Marc Ian Young from Ferryhill, Co Durham, and Paul Nigel Brown from Redcar, Teesside

#TheList Marc Ian Young, born 07/02/1980, from 9 Hawthorne Terrace, Ferryhill DL17 9AX and Paul Nigel Brown, born 27/04/1953, of 18 Lorton Road, Redcar TS10 4LY – kept dozens of diseased and injured dogs in appalling conditions on a farm.

Marc Ian Young of Ferryhill, who together with his boss Paul Nigel Brown, was convicted of cruelty to 144 dogs
Marc Ian Young of Ferryhill, who together with his boss Paul Nigel Brown, was convicted of cruelty to 144 dogs

Young and Brown were together convicted of 16 animal cruelty offences after 144  dogs were found mangy and unfed at  Bog Hall Farm, Mordon, near Sedgefield, County Durham.

Prosecutor John Ellwood told the court how an investigation by the RSPCA led to a raid on Brown’s Bog Hall Farm in the spring of 2008.

More than 144 cross-breeds, lurchers and terriers  were found living in cages, animal stables and even in the back of unused vehicles.

Dirt and faeces were compacted on floors, and the animals had what little sustenance they could get when dried food was thrown on top of this.

Seven dogs had infected wounds, 26 had dental problems and 13 dogs were close to death through emaciation.

All the animals had the parasites living in their fur.

Horrifyingly, dead dogs were being burned on a rubbish heap, and inspectors found the charred remains of one animal during a visit.

Brown would also apparently sell the dogs when he could for commercial gain and was seen as the leader of the enterprise, with Young in his pay.

Some 35 of the dogs had to be put down following the discovery.

In all, the case cost the RSPCA approximately £29,000 in veterinary bills, £14,000 in legal fees and an estimated £15,000 to investigate.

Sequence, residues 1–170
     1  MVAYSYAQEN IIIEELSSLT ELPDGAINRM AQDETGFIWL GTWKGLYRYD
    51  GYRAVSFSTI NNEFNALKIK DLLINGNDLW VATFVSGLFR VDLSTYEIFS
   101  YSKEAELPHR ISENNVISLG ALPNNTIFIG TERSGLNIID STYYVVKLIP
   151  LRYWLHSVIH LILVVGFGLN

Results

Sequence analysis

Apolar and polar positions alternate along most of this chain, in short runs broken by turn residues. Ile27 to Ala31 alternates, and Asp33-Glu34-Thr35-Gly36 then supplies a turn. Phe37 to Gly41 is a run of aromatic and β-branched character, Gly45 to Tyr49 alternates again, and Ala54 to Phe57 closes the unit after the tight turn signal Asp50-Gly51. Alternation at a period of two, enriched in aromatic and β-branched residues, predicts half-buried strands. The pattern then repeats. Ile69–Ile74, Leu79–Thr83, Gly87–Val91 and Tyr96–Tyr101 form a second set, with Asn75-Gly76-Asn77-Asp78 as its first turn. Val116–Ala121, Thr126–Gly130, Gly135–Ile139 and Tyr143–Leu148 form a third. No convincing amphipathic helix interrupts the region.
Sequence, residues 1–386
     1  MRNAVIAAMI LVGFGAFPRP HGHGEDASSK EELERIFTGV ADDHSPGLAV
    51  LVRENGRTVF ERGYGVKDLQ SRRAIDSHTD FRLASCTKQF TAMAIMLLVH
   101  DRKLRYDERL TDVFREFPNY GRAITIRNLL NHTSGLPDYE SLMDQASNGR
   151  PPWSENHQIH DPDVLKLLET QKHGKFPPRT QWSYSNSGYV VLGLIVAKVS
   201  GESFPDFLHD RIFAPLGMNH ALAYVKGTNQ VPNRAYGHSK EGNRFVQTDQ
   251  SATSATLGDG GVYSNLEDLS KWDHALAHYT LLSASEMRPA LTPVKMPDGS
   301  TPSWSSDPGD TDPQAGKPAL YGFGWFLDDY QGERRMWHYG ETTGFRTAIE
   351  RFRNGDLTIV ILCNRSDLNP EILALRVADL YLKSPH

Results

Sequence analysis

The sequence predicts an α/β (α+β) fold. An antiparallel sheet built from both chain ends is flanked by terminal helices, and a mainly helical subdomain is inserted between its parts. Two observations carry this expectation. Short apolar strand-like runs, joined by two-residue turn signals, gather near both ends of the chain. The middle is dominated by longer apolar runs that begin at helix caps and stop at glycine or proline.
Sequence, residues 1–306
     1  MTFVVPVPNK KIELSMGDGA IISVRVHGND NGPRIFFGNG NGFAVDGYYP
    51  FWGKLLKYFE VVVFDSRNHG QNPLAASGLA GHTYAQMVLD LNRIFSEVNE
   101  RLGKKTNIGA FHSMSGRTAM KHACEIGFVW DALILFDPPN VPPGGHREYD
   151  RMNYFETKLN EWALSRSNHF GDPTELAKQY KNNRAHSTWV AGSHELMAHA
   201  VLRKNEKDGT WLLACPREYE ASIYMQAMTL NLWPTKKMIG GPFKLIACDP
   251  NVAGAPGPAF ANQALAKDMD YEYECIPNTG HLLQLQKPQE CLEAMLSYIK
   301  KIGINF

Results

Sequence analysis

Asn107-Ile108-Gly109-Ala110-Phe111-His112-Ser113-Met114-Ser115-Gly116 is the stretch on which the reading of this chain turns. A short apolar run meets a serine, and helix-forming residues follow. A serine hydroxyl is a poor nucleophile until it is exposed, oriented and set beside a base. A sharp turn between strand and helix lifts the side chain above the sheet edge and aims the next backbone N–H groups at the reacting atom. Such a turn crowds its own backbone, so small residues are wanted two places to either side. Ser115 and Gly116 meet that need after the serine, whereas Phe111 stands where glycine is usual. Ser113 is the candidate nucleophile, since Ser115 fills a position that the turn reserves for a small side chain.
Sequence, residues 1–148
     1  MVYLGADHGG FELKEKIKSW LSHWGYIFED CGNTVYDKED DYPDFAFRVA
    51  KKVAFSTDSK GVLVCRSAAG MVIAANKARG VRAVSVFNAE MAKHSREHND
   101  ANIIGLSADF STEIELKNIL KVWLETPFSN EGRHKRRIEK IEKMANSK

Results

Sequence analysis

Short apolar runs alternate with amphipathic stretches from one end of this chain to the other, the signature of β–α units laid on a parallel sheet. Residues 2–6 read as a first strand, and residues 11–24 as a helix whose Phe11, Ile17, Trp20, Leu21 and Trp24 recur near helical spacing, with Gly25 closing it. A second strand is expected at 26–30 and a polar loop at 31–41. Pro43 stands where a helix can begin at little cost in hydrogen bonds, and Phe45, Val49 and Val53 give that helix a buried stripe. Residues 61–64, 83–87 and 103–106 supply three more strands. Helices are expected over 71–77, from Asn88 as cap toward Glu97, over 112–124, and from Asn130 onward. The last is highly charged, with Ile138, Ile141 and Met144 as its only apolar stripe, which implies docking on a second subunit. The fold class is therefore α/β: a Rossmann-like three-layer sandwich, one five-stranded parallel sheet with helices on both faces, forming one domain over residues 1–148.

Brown pleaded guilty to charges of animal cruelty between February 27 and April 24, 2008.

His offences ranged from failing to provide sufficient food and veterinary care to a “catch-all” charge of failing to provide adequate care, said prosecutor John Ellwood.

Young had denied 11 of the animal welfare charges against him, which included:

  • Failing to give 102 dogs a wholesome diet;
  • Failing to provide necessary care for 144 dogs with flea and lice infestation;
  • Failing to give veterinary care to 26 dogs suffering from severe dental disease;
  • Failing to treat infected wounds on eight dogs;
  • Failing to obtain veterinary treatment for a dog with a fractured leg.

Young told the court he was overwhelmed with the workload and was following the orders of his boss, Paul Nigel Brown, who was the farm’s tenant at the time.

Finding Young guilty on all charges, Judge Simon Hickey said: “Mr Young admitted he knew it was wrong to throw food on the filthy floor of the pens. He knew he was failing to provide adequate care for the animals. He was embarrassed by the finding of excrement and smell of urine.

“This was prolonged neglect over a period of eight weeks. There must have been commercial motivation.

“You have to face up to the consequences of these animals suffering.”

He told Young: “I don’t accept the defence of only doing what you were told to do.”

Speaking after the hearing, RSPCA inspector Lucy Hoehne said: “We are happy with the sentences and happy they won’t be able to keep dogs for a number of years.”

Sentencing:

Brown and Young were each sentenced to eight weeks in jail, suspended for 12-months. 

They were both ordered to carry out 100 hours of community service and pay £260 costs.

Brown was banned from keeping dogs for 10 years (expires December 2019). Young was banned from keeping dogs for five years (expired December 2014).

BBC News
Northern Echo
TeessideLive